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Ball Don't Lie

Rick Carlisle lashes out at the struggling O.J. Mayo, begging for him to ‘compete’

Kelly Dwyer
Ball Don't Lie

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O.J. Mayo struggles on Monday as Rick Carlisle looks on ... angrily (Getty Images)

O.J. Mayo’s first and possibly only season in Dallas is ending on a low, low note. While Mayo is a talent and far from a head case, and the Mavericks have had about as tough as NBA seasons get through no fault of their own, these are the results that need to be remembered.

These are the sorts of columns that you want to bookmark and send out to a dozen desperate NBA teams in late July. The sort of squads that whiffed on high-end free agents (who stayed with their incumbent teams) or watched as other franchises overpaid for the leftovers. The teams that may be forced into talking themselves into a player like O.J. Mayo. A fine player, no doubt, stuck in a tough year. But one to mull over before signing, especially in the wake of his listless play to end Dallas’ rough 2012-13 season.

[Also: Source: Reggie Bullock declaring for NBA draft]

ESPN Dallas’ Tim McMahon details the immediate aftermath of a particularly poor stretch of play (turnovers, listless defense) from Mayo, and the in-game and post-game comments from Mavericks coach Rick Carlisle that resulted:

“I called that timeout just to get you out of the game!” Carlisle screamed at Mayo in the huddle, according to one player.

[…]

“I just want to see him show up,” said Carlisle, who was as harsh publicly with a player as he’s been since calling out Lamar Odom at the end of the his strange midseason sabbatical. “I just want to see him show up and compete. He didn’t compete tonight.

“And I tell you, with all the time we’ve put into helping him develop and bringing him along, in the biggest game of the year -- an opportunity to be a winning team -- for him to show up like he did tonight, I was shocked.”

[…]

“He just had a bad night,” Carlisle said after making a point to mention that the coaches showed Mayo film at halftime “where he was virtually just standing around defensively” and essentially implored him to mentally check into the game. “I guess I’ll write it off to that.”

In reference to Mayo’s awful second half of the season performances and Dallas’ final games of the season on Wednesday, Carlisle offered this:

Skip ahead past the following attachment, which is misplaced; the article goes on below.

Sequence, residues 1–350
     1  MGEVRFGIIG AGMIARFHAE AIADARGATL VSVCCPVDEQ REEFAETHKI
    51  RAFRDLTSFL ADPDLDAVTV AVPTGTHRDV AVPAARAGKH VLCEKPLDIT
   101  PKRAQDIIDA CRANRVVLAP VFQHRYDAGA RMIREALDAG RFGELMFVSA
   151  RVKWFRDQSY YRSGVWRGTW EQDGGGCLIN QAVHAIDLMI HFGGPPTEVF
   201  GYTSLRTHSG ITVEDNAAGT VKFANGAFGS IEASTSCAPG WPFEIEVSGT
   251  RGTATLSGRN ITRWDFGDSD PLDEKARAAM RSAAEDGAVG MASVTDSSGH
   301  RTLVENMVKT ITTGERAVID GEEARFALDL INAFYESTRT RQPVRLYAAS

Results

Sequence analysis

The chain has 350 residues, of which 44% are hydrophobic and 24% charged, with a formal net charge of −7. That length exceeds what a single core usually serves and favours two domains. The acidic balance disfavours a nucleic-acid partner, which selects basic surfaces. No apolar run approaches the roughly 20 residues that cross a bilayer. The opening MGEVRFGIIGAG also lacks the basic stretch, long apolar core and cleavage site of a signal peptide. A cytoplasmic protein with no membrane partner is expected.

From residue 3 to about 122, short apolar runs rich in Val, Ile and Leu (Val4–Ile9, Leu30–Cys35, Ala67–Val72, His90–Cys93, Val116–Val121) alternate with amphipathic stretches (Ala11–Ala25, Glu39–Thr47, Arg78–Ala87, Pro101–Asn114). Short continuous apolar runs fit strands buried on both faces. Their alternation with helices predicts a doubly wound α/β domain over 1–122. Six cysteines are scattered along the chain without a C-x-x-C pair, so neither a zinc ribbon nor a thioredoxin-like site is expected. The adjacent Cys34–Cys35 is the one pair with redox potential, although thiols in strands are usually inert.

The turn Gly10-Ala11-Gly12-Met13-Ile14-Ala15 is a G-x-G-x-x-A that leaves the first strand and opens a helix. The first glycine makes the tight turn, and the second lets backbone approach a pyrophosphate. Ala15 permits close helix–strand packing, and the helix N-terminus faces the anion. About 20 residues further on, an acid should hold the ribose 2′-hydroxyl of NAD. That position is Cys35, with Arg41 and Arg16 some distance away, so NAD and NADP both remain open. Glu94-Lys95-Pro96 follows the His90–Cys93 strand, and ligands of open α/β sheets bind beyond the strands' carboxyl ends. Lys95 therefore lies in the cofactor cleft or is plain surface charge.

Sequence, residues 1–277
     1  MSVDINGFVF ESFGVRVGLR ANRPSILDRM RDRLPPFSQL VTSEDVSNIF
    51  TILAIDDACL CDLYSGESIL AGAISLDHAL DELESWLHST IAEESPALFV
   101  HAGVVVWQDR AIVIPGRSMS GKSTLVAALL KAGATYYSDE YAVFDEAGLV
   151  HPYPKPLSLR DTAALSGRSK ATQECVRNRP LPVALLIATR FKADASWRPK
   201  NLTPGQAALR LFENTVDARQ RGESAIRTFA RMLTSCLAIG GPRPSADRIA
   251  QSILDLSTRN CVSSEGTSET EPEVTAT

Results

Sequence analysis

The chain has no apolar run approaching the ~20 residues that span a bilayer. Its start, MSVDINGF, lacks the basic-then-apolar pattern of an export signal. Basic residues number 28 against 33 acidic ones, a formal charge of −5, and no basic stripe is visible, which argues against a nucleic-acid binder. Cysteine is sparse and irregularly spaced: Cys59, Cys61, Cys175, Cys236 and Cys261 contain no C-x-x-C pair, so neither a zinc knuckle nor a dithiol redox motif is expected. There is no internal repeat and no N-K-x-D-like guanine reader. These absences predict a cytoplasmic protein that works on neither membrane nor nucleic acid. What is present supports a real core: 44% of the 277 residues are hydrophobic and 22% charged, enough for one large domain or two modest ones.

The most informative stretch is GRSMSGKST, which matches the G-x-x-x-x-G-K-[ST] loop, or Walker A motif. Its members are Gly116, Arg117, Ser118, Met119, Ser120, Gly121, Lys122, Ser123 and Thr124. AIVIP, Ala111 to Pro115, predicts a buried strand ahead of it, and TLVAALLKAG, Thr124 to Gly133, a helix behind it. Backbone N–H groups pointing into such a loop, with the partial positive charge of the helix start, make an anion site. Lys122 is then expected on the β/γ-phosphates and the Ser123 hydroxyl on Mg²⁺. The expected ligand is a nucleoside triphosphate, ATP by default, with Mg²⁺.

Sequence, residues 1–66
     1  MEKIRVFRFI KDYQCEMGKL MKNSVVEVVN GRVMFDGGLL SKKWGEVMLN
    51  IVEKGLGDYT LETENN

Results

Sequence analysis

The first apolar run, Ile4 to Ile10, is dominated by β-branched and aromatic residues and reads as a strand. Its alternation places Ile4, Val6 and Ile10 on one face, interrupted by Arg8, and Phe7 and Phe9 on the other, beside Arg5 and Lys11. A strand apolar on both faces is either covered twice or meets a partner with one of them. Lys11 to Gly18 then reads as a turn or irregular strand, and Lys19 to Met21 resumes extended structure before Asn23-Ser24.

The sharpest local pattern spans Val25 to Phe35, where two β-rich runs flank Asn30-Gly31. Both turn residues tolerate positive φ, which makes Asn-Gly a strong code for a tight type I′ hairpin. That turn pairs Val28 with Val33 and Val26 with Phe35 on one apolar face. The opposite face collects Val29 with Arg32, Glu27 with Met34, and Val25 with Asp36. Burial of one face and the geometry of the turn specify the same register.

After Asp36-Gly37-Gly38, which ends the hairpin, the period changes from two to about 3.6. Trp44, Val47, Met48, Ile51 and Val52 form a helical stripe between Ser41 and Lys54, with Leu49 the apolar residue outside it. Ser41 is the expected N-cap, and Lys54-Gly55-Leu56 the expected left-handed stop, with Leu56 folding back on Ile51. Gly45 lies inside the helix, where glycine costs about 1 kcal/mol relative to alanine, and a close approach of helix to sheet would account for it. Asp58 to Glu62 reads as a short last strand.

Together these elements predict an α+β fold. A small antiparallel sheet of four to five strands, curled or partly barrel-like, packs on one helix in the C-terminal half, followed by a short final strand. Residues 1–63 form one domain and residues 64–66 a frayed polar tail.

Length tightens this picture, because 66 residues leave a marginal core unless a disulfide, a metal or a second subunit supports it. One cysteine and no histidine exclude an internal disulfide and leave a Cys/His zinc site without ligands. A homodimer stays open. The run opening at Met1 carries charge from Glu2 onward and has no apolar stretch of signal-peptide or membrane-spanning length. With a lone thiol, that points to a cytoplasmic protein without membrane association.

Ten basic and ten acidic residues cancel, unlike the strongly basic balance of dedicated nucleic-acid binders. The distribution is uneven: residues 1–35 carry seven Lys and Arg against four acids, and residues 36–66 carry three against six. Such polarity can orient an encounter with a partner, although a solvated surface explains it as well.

“Well,” Carlisle said, “the good news is there’s only an opportunity for one more.”

Yikes.

Now, in the midst of the postgame comments, Carlisle did go out of his way to tell reporters that “look, sometimes guys have bad nights, so make sure to put that in there, too.” This is completely fair. And you can easily understand why Mayo is so frustrated, right now.

This is a player that was treated like a commodity in high school, disappointed somewhat because he somehow didn’t turn into the second-coming of Oscar Robertson in college, and was traded to a second NBA team the day he was drafted. That was O.J. Mayo merely as he was caught entering the NBA.

[Also: Nerlens Noel entering NBA draft, may be top pick]

Though we don’t blame the Grizzlies for seeing what they could get for O.J., Mayo was dangled as trade bait for years (even reportedly watching as one deal was signed off on during the 2011 trade deadline) before finally leaving the team as a free agent last summer. In a post-lockout offseason, the market for Mayo was slim, and he had to settle for a two-year $8.2 million deal that features a player option for 2013-14.

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O.J. Mayo is a good guy in a rough season (Getty Images)

On top of that, as McMahon noted, on Monday Mayo was working against his former team from Memphis in the loss. Typically players tend to rise above while going against a former team, but most former teams don’t feature All-NBA defender Tony Allen at the shooting guard spot. As a result, O.J. averaged just 8.5 points per game on 35 percent shooting in four contests against Memphis this year.

Mayo came into February averaging around 18 points per game for the Mavericks, in what appeared to be a turnaround year. A dip down in average was expected as Dirk Nowitzki returned to full health and rightfully garnered more touches, but Mayo dropped three points per game from month to month to month in February, March, and now April – where he’s shooting below 40 percent and managing just nine points per game despite playing 34 minutes a contest for a team that for an April shower was considered a playoff hopeful.

This has been the pattern since the beginning of Mayo’s career, hot starts and dulled finishes. In each of those seasons he’s had a midseason excuse – regression to the mean, an NBA that caught up with a teenaged rookie’s moves, trade deadline chatter, the frustrating 2012-13 Dallas Mavericks – but it’s still a pattern.

We like Mayo, and you can also tell (because of the caveats he keeps dropping excusing his play on Monday) Rick Carlisle appears to like him as well, even after this long season. The issue at hand is that Mayo’s play has remained at about the same level over his five-year NBA career. He’s good, not great, and good-but-not-great players can’t afford to disappear as often as O.J. does.

[Also: Draft prospect Norvel Pelle never played college hoops]

The Mavericks/Grizzlies replay from Monday is on NBA TV at 1:30 Eastern on Tuesday afternoon, NBA GMs. It’s not O.J. Mayo in full, but it could be what you’re dealing with (for perhaps three or four guaranteed years) if things don’t go especially right. DVR that contest, NBA GMs, and let’s catch up in July.

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